A recent bond scam in New York City has brought the United States government into the spotlight once again. The bonds were issued by the CIA in the 1960s to help the then-China dictator, Chiang Kai-Shek, fight communists. However, when he died, his family buried the bonds, and now these fraudulent securities are being sold at fractions of their face value. Even worse, they do not bear any provision that is remotely similar to those of U.S. Treasury securities.

Scammers typically impersonate well-known financial services organizations. They may send professional-looking prospectuses or collect contact information through fake investment comparison websites. They then ask investors to transfer funds to a bank account. When this is done, the investors are at risk of losing all of their money. In some cases, the scammers are based offshore, which means they can be impossible to detect. To avoid these scammers, make sure to do your own research and stay away from these companies.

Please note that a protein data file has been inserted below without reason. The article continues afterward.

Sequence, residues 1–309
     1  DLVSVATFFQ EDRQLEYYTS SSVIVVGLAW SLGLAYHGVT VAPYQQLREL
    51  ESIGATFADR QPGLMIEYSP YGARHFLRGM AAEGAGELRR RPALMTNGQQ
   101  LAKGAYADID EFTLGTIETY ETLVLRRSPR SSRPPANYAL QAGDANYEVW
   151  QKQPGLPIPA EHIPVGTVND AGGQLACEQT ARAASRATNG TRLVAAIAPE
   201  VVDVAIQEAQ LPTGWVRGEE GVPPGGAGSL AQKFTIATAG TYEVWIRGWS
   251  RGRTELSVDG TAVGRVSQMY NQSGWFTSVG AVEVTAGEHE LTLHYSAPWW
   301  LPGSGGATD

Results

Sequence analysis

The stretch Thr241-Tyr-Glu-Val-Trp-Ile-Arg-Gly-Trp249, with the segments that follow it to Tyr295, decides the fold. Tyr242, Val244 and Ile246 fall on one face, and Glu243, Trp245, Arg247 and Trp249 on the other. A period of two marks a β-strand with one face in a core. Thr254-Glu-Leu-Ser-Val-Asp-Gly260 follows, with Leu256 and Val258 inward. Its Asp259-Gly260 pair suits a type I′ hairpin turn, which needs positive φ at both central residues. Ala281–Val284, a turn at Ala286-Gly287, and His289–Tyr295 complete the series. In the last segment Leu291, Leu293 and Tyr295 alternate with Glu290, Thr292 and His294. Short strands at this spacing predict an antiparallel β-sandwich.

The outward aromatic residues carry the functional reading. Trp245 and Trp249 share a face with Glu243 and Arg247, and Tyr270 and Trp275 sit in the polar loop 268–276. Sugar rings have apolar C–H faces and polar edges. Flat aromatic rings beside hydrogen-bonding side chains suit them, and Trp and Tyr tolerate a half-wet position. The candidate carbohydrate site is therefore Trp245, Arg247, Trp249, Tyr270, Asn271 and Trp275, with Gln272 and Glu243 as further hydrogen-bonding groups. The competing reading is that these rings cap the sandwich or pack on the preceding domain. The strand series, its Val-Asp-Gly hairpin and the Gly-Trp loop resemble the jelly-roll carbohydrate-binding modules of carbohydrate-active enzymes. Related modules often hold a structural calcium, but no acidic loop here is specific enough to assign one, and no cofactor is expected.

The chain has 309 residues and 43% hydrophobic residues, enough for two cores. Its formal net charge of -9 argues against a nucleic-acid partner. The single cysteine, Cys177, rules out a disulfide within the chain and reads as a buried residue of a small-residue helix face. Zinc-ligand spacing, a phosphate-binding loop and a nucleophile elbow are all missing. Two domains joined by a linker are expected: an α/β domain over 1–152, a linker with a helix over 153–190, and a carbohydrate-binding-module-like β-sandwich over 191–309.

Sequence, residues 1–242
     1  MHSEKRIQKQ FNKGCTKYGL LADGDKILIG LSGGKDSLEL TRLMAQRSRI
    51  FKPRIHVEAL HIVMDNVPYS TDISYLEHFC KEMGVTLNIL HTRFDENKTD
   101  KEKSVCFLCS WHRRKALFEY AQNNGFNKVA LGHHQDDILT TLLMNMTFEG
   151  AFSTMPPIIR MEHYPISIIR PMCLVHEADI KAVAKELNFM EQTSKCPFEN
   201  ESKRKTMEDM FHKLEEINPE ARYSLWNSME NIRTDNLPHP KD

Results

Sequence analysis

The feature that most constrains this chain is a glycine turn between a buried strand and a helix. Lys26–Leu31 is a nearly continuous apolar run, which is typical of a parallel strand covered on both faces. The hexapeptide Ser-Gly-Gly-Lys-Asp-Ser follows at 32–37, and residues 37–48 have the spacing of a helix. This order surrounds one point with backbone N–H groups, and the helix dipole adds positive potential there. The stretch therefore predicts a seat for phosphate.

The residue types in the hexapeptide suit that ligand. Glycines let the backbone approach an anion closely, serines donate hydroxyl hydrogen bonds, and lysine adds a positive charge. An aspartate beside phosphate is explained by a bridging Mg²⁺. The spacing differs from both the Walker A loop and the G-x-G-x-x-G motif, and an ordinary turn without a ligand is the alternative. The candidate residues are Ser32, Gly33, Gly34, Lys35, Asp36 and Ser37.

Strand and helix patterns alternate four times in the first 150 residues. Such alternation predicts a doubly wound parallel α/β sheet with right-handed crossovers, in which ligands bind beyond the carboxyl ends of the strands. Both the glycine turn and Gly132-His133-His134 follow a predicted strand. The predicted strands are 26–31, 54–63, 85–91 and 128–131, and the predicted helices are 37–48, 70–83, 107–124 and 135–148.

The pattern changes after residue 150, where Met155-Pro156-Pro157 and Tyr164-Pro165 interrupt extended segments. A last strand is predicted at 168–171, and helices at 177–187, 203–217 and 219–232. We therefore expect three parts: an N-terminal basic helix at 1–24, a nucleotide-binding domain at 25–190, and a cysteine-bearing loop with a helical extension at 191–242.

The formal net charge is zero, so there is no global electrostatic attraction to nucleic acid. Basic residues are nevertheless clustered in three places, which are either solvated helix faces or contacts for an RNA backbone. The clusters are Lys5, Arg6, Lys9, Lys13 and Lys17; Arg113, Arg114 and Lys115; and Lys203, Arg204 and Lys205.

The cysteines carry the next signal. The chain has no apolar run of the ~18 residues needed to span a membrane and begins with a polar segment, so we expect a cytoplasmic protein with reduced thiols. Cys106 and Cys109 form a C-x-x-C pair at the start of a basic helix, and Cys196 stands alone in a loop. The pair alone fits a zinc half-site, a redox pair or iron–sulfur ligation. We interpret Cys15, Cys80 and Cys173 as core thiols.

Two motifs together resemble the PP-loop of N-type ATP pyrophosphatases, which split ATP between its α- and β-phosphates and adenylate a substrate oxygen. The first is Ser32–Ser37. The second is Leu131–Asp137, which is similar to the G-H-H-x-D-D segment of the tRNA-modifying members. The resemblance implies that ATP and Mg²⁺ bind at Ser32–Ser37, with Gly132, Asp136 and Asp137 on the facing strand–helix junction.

The first step to avoiding a bond scam is to understand what causes it. These investments are incredibly volatile. It is important to understand what causes them and how you can protect yourself from falling victim to one of them. If you’re interested in a particular investment, it is best to contact the securities regulatory agency and learn more about its practices. The SEC publishes a list of companies that have committed bond fraud.